New Delhi: On January 27, 2016, a major blaze broke out at Deonar, one of the biggest dumping grounds in Mumbai, spread across 326 acres. It took fire fighters more than a week to douse the massive fire that created a thick blanket of smog in the vicinity, making it difficult for residents to breathe. Among numerous individuals complaining of breathing issues, there was Divya Ravichandran. Now 34-year-old, back then Divya was working in a private firm and had to stay indoors for days, to protect herself from the toxic air. Recounting those days, Divya says,
The massive fire initiated the conversation around waste management and how it is in a mess. Since at that time I had severe respiratory issues and had to stay at home, I used the time to understand what happens with our waste, where does it go, among others.
Baffled and curious Divya even visited a landfill and the first-hand account was both an eye opener and a turning point in her life. The sad state of waste management in the city made Divya start taking responsibility of her waste by opting for waste segregation at source. To implement the same, Divya got a composter and started composting wet waste which majorly includes food waste. As far as dry waste like paper, plastic covers, metal, glass are concerned, the waste warrior would collect it separately to give it to the recyclers at the end of the month.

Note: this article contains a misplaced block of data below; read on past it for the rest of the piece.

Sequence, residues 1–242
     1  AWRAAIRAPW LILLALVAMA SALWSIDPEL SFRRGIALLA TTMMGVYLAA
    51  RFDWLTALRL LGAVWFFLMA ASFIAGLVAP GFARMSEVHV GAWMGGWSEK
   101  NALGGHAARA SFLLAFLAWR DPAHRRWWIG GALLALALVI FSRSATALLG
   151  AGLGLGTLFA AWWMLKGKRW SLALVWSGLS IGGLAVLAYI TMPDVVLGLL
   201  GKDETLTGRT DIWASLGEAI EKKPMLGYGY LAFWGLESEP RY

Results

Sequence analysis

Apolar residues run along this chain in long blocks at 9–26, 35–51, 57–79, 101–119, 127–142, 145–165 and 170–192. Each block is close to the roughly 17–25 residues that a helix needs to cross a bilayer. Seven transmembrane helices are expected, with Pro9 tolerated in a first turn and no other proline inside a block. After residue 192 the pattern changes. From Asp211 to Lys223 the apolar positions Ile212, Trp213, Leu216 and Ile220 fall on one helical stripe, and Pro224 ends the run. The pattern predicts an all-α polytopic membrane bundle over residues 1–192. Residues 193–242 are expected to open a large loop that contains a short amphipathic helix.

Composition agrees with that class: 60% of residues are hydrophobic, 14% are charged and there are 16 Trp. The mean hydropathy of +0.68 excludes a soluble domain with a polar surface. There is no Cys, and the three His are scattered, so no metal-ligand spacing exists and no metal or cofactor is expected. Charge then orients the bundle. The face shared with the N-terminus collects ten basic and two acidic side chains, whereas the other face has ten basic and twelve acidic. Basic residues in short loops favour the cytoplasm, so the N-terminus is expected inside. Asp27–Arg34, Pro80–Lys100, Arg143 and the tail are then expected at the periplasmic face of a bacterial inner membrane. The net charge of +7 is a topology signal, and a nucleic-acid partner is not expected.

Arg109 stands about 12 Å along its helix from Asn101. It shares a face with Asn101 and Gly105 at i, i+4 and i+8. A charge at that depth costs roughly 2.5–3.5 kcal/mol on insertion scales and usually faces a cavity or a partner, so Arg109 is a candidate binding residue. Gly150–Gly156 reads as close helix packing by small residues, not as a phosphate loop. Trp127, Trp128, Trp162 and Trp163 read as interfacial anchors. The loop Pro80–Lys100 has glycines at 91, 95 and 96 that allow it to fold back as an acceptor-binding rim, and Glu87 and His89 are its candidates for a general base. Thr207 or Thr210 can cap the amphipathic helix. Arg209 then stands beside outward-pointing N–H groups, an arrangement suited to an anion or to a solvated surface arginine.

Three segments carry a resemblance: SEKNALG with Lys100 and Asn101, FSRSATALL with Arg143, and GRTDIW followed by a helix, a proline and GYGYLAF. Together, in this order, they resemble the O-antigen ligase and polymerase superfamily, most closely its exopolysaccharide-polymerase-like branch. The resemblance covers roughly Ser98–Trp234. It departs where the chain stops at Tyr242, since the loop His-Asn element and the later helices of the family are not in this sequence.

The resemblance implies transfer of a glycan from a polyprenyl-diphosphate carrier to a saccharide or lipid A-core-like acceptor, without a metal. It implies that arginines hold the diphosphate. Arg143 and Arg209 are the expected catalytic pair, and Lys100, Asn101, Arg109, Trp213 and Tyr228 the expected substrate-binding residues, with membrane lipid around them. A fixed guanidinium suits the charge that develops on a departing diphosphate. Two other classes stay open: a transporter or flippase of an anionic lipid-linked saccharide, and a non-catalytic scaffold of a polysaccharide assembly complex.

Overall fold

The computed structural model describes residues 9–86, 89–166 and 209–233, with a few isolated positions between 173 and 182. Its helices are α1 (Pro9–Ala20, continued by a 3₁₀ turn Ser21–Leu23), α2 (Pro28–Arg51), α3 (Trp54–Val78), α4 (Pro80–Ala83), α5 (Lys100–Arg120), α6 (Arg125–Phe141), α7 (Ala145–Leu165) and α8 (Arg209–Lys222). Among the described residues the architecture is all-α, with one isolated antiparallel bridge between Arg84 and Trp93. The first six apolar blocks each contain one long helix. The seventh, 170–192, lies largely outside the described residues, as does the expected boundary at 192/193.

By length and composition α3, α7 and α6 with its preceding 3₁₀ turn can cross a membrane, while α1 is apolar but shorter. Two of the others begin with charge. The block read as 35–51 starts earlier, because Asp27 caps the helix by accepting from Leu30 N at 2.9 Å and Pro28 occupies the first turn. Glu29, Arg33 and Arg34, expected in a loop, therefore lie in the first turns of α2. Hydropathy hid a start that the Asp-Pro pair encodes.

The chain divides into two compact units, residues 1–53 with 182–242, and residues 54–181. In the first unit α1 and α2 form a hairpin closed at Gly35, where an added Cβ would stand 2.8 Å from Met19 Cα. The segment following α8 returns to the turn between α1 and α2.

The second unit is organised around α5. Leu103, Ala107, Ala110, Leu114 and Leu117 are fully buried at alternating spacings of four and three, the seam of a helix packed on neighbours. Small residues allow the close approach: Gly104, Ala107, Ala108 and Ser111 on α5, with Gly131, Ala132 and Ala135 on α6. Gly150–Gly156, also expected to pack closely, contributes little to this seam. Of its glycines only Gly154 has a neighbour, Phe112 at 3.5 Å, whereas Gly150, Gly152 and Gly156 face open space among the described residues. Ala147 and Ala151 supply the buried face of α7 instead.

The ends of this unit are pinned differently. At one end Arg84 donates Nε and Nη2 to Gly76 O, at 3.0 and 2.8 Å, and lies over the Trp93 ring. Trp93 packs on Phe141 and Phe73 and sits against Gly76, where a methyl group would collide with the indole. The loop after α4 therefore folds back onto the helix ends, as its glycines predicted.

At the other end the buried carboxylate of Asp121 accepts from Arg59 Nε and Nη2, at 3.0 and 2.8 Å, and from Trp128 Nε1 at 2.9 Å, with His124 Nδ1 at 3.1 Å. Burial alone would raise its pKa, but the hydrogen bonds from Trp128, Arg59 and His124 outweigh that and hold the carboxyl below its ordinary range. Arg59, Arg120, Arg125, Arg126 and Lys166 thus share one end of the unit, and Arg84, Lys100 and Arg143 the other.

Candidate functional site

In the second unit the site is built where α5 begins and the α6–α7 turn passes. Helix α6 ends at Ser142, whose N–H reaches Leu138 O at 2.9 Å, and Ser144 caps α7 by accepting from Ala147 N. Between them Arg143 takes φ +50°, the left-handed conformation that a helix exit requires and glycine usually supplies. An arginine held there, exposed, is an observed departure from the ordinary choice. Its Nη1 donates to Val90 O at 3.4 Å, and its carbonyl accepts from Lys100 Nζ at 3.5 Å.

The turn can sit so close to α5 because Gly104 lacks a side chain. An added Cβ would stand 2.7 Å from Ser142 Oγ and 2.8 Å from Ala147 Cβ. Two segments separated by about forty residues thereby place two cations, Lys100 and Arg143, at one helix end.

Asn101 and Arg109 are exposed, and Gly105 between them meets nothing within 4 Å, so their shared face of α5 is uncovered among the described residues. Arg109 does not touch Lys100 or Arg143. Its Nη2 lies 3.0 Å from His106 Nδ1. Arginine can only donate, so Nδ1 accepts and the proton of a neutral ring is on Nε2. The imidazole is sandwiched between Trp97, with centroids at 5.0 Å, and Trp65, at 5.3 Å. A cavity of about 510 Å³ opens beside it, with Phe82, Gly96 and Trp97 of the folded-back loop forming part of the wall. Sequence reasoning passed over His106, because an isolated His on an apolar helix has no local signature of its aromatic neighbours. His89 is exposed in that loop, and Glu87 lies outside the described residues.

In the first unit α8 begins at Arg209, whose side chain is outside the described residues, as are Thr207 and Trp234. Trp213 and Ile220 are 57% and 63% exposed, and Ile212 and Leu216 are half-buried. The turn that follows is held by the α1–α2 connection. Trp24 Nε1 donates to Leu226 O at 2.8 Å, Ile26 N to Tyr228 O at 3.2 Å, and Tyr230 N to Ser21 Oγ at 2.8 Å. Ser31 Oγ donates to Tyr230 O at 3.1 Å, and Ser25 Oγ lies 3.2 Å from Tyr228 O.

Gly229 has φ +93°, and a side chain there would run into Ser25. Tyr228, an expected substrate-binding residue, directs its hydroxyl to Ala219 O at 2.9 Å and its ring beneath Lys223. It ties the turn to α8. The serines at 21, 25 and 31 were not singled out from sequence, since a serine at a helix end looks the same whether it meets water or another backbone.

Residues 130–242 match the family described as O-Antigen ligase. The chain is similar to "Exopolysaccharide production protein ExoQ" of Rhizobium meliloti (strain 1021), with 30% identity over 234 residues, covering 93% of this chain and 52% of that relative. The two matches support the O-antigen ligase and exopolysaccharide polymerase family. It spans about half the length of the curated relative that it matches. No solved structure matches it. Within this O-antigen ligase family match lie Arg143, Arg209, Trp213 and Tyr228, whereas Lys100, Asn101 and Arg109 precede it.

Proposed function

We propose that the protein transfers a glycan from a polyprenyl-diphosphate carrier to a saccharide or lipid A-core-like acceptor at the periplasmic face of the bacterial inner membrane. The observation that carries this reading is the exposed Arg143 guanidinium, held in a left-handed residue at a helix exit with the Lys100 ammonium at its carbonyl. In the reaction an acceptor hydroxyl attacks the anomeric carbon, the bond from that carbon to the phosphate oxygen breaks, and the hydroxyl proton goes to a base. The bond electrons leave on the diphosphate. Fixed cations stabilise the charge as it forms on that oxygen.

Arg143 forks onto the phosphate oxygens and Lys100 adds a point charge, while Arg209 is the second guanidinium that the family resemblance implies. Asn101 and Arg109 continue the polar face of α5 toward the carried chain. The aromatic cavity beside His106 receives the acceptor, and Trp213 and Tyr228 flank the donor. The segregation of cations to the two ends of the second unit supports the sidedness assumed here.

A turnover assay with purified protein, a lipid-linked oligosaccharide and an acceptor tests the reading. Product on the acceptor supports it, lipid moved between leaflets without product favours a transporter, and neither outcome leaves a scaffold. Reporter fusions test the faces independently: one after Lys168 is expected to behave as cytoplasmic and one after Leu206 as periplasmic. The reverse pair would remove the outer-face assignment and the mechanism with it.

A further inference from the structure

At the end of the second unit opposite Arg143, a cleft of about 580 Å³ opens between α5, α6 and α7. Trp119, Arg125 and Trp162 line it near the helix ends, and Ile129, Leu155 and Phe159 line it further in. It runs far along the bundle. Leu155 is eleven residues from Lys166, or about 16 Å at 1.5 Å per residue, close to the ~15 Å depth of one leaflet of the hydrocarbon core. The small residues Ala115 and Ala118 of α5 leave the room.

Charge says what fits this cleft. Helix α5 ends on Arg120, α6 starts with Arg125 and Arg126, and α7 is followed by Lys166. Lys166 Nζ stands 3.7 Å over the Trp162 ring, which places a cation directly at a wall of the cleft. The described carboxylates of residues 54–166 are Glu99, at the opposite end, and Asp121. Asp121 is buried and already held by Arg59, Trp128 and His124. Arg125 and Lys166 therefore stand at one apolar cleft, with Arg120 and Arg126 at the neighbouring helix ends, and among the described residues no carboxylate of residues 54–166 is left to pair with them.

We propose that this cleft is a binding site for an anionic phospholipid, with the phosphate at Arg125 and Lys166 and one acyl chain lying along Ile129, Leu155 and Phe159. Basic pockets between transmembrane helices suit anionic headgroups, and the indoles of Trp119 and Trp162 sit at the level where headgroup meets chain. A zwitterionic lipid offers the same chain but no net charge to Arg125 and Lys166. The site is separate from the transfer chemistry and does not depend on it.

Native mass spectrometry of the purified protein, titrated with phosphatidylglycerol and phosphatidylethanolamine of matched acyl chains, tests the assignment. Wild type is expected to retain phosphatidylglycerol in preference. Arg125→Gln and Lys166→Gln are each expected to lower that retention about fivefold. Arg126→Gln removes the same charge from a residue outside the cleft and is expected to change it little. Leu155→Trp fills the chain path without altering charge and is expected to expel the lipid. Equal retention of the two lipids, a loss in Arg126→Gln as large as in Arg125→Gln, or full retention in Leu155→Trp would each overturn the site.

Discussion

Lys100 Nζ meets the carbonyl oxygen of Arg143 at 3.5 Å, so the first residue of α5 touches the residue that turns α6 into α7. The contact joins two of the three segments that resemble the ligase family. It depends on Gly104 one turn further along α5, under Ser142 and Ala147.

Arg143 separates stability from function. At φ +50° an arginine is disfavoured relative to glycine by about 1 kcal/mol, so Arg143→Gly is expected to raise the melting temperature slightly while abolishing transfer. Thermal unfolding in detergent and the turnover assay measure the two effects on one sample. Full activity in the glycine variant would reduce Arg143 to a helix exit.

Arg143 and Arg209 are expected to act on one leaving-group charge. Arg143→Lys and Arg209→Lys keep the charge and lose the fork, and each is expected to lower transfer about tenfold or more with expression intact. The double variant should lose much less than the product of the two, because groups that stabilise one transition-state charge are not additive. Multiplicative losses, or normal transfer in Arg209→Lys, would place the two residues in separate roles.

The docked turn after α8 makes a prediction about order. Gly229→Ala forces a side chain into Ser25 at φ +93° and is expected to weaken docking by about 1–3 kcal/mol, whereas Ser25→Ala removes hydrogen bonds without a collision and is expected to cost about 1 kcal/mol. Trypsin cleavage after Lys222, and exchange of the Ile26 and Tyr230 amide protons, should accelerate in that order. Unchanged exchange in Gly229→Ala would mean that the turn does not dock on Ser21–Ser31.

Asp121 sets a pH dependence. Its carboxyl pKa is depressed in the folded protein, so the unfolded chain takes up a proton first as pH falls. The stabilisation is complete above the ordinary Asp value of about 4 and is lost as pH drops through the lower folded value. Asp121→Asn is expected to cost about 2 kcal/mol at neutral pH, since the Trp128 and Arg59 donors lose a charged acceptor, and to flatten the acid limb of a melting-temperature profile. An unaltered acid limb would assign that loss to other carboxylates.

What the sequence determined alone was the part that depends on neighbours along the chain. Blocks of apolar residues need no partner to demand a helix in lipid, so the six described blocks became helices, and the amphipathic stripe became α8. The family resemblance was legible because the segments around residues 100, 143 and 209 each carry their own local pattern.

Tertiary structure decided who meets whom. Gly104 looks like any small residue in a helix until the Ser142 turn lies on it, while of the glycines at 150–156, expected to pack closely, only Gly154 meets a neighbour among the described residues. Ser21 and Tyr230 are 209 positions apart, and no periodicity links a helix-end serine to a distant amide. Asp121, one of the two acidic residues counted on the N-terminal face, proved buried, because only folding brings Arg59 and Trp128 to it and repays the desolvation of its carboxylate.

One day when I was about to go the recycler to give my dry waste, I realised it was a lot of waste. That is when I sat and studied my plastic waste generation and realised that a lot of plastic waste was coming from my kitchen in the form of plastic packaging. To reduce that, I switched to kirana store (local grocery shop) to get food items rather than ordering it online, says Divya.
Gradually, through trial, error and learnings, Divya successfully managed to send zero waste from her residence to the landfill. Today, she discards less than 100 grams of waste from her home, annually. Having achieved it at an individual level, Divya started promoting the idea in her circle and later in 2017 managed to launch Skrap, a sustainability start-up.